The Roles Of Positive Reinforcement In Therapy Dog Training

Dog training is the process of teaching a dog to respond to commands, perform tricks and obey voice commands. 

Some dogs are easier to train than others, but even the most stubborn dog can be trained if you use positive reinforcement. 

This article will explain how positive reinforcement works in therapy dog training and why this method is so effective in training your own dog or puppy.

Beginner’s Guide to POSITIVE Reinforcement Dog Training
Positive reinforcement is a crucial aspect of therapy dog training.
Providing rewards and praise for good behavior can help to build confidence and encourage desired behaviors.
Socialization is an essential part of therapy dog training, helping the dog remain calm and responsive in different environments.
Understanding a dog’s body language can help handlers identify when they may be experiencing stress or fear.
Effective therapy dog training requires patience, consistency, and a well-planned training program.


Positive reinforcement can help you get your dog’s attention.

When you want to train a dog, you need to get his attention. You want him to be focused on what you are doing and what he needs to do next. 

Positive reinforcement can help with this because it is a way of communicating with your pet that he did something right or good by giving him something he likes (like treats). This will encourage him or her to repeat whatever behavior caused them receive the reward so that they can get another one!

Positive reinforcement is an essential aspect of therapy dog training. To learn more about how to train your therapy dog, check out our comprehensive guide on training your therapy dog.


Motivation is the key to success in any endeavor, but it’s especially important when training a dog. Positive reinforcement is one way of motivating your pet and getting them to do what you want them to do.

The first step in motivation is figuring out what motivates your dog–what makes him happy? What does he like most out of all the things he could have? For example, if your dog loves treats and playing fetch with tennis balls then those could be great motivators for training sessions!

Positive reinforcementTreats, praise, toys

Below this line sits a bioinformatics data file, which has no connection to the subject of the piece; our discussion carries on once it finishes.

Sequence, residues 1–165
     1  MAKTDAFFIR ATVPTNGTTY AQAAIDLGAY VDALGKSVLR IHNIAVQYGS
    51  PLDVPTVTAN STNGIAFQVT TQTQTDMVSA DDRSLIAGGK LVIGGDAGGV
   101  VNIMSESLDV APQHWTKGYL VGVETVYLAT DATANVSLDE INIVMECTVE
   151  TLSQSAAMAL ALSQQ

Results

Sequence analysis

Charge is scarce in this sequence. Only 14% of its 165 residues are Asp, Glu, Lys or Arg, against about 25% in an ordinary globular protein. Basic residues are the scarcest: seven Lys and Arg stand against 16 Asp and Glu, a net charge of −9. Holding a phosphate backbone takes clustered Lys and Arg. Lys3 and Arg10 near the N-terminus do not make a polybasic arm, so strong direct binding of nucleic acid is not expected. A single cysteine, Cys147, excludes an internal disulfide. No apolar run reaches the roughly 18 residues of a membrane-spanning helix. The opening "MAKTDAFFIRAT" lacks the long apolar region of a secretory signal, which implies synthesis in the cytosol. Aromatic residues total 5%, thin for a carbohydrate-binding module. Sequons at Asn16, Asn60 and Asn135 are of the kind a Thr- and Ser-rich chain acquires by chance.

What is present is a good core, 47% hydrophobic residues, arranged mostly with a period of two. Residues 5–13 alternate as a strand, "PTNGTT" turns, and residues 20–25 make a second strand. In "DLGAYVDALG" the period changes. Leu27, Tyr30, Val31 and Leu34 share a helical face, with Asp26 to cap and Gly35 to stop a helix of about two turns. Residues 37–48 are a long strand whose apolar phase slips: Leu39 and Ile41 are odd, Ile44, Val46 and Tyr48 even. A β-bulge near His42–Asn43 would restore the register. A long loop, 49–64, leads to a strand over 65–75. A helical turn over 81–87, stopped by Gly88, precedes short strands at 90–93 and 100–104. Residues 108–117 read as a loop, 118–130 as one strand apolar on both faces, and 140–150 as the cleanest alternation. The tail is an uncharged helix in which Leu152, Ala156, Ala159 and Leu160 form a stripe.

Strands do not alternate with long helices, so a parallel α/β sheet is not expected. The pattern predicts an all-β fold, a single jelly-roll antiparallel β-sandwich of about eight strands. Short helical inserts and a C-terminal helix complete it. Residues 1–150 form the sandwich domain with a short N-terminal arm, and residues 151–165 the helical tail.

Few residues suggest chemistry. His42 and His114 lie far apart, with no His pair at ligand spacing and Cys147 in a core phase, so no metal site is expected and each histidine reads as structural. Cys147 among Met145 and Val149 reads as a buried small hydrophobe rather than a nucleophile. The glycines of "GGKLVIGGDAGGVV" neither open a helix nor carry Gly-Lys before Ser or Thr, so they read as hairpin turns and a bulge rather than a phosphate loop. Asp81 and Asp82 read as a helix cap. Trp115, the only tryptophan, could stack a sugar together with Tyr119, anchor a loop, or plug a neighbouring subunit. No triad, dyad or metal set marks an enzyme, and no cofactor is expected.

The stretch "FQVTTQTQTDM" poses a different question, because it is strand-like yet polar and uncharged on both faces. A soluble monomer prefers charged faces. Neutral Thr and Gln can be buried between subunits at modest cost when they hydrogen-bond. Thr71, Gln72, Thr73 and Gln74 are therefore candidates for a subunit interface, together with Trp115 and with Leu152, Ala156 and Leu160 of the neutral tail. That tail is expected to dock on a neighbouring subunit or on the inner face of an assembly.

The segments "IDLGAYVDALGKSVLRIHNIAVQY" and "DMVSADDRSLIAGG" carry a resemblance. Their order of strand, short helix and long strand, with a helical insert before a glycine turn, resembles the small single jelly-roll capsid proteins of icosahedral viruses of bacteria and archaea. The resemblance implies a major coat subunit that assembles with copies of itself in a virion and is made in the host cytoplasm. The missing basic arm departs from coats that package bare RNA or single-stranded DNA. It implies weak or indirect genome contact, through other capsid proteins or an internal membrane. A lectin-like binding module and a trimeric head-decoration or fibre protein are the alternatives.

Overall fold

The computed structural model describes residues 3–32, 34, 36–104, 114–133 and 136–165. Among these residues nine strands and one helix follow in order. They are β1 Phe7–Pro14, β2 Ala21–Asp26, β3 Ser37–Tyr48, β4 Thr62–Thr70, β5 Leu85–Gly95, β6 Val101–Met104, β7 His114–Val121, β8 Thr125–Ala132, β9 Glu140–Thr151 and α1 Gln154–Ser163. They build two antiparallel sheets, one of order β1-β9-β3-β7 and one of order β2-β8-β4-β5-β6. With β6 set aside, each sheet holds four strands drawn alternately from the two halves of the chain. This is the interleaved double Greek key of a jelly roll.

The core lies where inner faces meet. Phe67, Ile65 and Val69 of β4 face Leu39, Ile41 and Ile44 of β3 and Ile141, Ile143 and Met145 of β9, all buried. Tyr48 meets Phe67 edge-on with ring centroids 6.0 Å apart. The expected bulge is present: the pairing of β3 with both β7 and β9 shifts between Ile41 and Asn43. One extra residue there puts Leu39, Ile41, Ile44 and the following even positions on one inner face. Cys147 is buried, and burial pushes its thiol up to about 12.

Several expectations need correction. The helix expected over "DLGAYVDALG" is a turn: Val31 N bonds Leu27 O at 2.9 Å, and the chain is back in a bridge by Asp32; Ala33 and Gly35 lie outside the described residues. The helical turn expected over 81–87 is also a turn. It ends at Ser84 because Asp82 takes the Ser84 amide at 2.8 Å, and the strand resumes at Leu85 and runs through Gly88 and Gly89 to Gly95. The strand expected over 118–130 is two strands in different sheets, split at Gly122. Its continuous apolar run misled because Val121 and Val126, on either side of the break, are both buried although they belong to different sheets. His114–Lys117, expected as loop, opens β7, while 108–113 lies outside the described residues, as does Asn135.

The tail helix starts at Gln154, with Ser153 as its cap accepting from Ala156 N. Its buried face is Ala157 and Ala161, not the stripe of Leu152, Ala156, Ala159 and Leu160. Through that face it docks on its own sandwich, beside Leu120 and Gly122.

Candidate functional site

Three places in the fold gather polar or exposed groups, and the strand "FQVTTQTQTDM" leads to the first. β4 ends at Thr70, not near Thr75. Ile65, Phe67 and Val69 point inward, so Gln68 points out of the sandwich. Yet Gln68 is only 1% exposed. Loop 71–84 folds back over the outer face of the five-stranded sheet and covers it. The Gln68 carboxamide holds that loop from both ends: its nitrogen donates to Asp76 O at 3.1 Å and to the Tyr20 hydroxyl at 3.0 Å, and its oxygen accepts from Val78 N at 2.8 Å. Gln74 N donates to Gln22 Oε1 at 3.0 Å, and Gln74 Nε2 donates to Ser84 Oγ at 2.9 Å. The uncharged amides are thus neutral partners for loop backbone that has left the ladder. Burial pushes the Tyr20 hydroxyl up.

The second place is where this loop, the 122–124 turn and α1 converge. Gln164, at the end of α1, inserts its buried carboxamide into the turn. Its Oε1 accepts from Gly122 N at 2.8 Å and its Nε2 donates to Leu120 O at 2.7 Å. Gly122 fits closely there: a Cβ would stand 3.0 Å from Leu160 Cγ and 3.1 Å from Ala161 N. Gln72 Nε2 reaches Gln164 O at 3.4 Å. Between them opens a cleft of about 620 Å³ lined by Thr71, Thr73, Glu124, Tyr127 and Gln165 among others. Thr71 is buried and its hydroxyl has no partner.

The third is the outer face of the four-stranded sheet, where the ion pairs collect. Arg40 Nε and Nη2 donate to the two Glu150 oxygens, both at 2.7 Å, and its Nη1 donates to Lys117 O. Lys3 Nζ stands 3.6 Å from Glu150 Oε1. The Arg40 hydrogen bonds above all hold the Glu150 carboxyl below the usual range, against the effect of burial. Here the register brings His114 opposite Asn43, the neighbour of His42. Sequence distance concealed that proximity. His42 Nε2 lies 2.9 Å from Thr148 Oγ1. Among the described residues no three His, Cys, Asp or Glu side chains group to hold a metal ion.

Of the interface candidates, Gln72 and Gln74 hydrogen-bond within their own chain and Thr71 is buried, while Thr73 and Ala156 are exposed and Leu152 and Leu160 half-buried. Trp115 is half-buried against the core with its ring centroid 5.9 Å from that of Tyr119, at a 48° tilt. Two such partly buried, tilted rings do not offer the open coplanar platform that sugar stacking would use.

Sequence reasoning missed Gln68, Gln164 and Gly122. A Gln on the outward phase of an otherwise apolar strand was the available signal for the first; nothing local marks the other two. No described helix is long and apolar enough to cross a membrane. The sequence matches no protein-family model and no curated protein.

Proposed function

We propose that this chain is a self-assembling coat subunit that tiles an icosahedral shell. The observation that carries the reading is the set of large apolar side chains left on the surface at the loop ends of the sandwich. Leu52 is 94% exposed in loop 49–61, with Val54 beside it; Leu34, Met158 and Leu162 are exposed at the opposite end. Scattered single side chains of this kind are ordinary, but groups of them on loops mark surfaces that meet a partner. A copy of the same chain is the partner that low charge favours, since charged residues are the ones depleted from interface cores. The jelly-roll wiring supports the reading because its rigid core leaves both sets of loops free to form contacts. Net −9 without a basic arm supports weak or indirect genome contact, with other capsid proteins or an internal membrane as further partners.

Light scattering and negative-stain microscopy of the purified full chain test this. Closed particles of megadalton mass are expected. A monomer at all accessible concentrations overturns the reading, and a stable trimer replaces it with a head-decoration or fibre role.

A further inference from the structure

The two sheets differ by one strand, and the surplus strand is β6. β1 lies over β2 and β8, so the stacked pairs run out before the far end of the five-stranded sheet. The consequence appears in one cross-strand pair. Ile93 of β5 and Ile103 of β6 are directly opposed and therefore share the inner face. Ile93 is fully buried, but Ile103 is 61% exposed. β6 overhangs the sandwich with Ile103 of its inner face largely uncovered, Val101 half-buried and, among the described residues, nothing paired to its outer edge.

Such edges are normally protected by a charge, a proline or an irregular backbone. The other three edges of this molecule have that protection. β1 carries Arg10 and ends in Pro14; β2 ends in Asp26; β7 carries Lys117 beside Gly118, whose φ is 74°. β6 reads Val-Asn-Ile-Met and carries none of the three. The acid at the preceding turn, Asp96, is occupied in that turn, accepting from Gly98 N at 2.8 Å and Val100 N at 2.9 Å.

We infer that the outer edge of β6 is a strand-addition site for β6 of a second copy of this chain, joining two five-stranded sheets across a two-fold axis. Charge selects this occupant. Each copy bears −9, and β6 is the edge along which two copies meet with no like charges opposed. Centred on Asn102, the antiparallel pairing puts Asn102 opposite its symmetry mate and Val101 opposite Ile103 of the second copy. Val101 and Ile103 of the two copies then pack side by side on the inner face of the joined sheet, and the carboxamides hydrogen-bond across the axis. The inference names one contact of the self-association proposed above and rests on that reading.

Social interaction with humansAttention and affection from their handler and clients
Visiting familiar environmentsRepeated visits to familiar places can provide comfort and a sense of security
Desire to work and achieve goalsInnate desire to please their handler and help others
Happy, healthy lifestyleProper diet, exercise, and veterinary care promote overall well-being and motivation


Positive reinforcement is a great tool for getting a dog’s attention. Dogs that are distracted or have low attention span can be trained to focus on the owner with treats, toys, or other rewards.

Effective training techniques are essential to maximize the potential of your therapy dog. To learn about the most effective training methods, read our article on training techniques for therapy dogs, where we break down the different aspects of therapy dog training and provide valuable insights on proven techniques.


Directionality is a signal that instructs a dog to move in a certain direction. For example, if you want your dog to go left, point your finger in that direction and say “left.” If you want him/her to go right, point your finger in that direction and say “right.” Dogs respond better when directed with directional signals instead of verbal commands.

Proper socialization is crucial in therapy dog training to ensure your dog can behave appropriately around other dogs. Discover valuable insights on training your dog to behave around other dogs to help your therapy dog become a confident and well-behaved companion.


Reinforcement is a communication tool. It can be used to communicate to the dog what you want them to do, and it can also be used to communicate to the dog what you don’t want them to do.

For example, if you’re teaching your therapy dog how to sit on command, reinforcement will help you teach him that when he sits down because he hears “sit” that he gets some kind of reward (food or praise). 

This will make him more likely than not sit when asked in the future since there’s nothing negative associated with sitting. 

Conversely, if we were trying teach our therapy dogs not only how not go up on tables but also not jump off of them as well as stay away from other dangerous situations such as crossing streets without being led by a human handler then we would use negative reinforcement techniques such as snapping fingers near their faces or using shock collars where electricity goes through metal prongs placed around an animal’s neck which causes pain if they disobey commands given by their owners/trainers